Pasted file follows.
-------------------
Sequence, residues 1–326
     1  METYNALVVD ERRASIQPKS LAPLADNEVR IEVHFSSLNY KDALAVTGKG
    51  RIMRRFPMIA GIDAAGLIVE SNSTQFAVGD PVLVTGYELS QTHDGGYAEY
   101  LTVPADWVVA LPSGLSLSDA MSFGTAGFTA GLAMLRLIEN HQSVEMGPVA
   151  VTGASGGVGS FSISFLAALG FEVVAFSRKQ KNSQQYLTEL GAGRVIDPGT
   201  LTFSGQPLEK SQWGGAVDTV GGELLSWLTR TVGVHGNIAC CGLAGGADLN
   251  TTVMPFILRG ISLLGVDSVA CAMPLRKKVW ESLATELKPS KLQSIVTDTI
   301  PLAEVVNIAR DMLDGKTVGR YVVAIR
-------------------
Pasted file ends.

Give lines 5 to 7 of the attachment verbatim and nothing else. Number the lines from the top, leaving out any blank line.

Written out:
   151  VTGASGGVGS FSISFLAALG FEVVAFSRKQ KNSQQYLTEL GAGRVIDPGT
   201  LTFSGQPLEK SQWGGAVDTV GGELLSWLTR TVGVHGNIAC CGLAGGADLN
   251  TTVMPFILRG ISLLGVDSVA CAMPLRKKVW ESLATELKPS KLQSIVTDTI